盧旺達科技部部長因加比萊喜歡把基加利稱為“概念驗證樞紐”。我對她說,更簡單的表達方法是“夢想之地”,并建議盧旺達總統把她任命為夢想部長。因加比萊笑了,但馬上恢復了官員狀態。她說:“我有三個孩子,分別是7歲、5歲和2歲。種族大屠殺對他們來說將只是一段歷史。盧旺達應該成為他們的夢想之地。我們都是這樣?!?

****

非洲硅谷

有幾座非洲城市已經成為重要的科技樞紐。比如:

開普敦

“Yes, it’s cheaper to import. But if we think that, we’ll never produce anything,” says Mara Group CEO Ashish Thakkar. “You have to create because a copy-and-paste approach always means that by the time you’ve pasted, you’re years behind.”

In addition to its factory in Kigali, which employs more than 200 workers, Mara has opened a plant in South Africa and is considering a third one in Nigeria.

Thakkar declined to say how many phones his company has sold, only that its devices have been bought in 46 countries, including in Europe and in the U.S.

Fresh from attending a web summit in Lisbon, Lionel Mpfizi, CEO of Awesomity Lab, a software development firm, describes Kigali’s entrepreneurialism as agile. “It takes six hours to start a business here,” says Mpfizi, who also goes by the more informal name Captain Awesome. “Since the genocide, we have been able to leapfrog progress. It was a massive reboot. Now our everyday life is a startup mentality.”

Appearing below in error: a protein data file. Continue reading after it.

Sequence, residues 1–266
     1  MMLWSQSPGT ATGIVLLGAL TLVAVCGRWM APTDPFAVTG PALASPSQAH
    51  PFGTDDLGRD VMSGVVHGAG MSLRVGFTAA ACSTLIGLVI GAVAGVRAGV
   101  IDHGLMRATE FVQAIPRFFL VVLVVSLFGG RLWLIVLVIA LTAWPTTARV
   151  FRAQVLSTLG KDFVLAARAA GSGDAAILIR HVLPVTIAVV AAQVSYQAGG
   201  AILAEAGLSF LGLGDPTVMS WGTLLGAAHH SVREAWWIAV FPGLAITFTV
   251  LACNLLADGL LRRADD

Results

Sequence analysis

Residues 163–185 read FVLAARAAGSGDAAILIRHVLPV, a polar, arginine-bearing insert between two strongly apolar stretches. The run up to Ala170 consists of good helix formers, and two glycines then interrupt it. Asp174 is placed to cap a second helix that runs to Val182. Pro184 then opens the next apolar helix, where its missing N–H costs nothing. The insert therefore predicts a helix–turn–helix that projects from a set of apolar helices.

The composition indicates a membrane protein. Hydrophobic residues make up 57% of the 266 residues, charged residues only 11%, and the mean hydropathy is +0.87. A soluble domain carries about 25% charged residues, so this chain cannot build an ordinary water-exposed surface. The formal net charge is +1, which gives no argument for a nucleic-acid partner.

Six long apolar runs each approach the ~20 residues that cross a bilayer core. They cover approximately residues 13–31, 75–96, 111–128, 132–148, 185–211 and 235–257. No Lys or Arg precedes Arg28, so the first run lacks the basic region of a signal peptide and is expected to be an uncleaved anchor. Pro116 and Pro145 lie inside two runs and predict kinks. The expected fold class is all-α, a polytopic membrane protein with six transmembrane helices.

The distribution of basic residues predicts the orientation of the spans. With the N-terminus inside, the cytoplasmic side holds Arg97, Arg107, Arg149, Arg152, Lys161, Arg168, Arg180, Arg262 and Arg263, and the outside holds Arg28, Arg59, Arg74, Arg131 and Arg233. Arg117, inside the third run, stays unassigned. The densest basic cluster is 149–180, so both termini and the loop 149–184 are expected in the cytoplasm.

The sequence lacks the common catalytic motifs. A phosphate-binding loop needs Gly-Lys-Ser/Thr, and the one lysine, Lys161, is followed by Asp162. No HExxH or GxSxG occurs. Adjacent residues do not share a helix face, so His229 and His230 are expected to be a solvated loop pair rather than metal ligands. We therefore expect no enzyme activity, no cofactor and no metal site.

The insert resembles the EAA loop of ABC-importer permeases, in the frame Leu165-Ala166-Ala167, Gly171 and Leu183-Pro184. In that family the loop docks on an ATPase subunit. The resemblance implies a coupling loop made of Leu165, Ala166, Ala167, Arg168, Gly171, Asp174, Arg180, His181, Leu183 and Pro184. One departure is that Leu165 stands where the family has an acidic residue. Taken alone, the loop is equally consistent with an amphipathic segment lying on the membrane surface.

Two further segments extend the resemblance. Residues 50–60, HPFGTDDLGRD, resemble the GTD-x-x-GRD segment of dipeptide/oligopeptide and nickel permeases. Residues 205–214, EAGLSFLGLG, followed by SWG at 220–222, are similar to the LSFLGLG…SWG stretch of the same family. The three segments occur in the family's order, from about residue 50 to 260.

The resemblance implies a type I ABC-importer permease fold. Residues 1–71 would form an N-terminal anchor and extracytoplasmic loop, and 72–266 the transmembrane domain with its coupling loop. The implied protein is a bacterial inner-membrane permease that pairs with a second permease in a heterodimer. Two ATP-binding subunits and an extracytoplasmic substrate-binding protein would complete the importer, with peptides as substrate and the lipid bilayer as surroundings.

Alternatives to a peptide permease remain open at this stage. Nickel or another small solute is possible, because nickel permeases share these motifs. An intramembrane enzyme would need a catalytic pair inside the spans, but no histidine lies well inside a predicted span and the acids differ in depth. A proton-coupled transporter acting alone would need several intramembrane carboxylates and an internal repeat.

Some of Mpfizi’s recent work involves developing a ride-hailing app called Move, including chauffeured and driverless options, for a fleet of electric cars. The app is part of a partnership among Volkswagen, Siemens, and the Rwandan government to pilot the use of electric cars in Rwanda.

Ingabire, the tech minister, is fond of calling Kigali a “proof-of-concept hub.” When I note that a simpler term for that is “dreamland” and suggest she ask Rwanda’s President to promote her to minister of dreams, she laughs before regaining bureaucratic professionalism, albeit with a personal twist: “I have three children—7, 5, and 2. They will know the genocide only as history. They deserve Rwanda as their dreamland. We all do.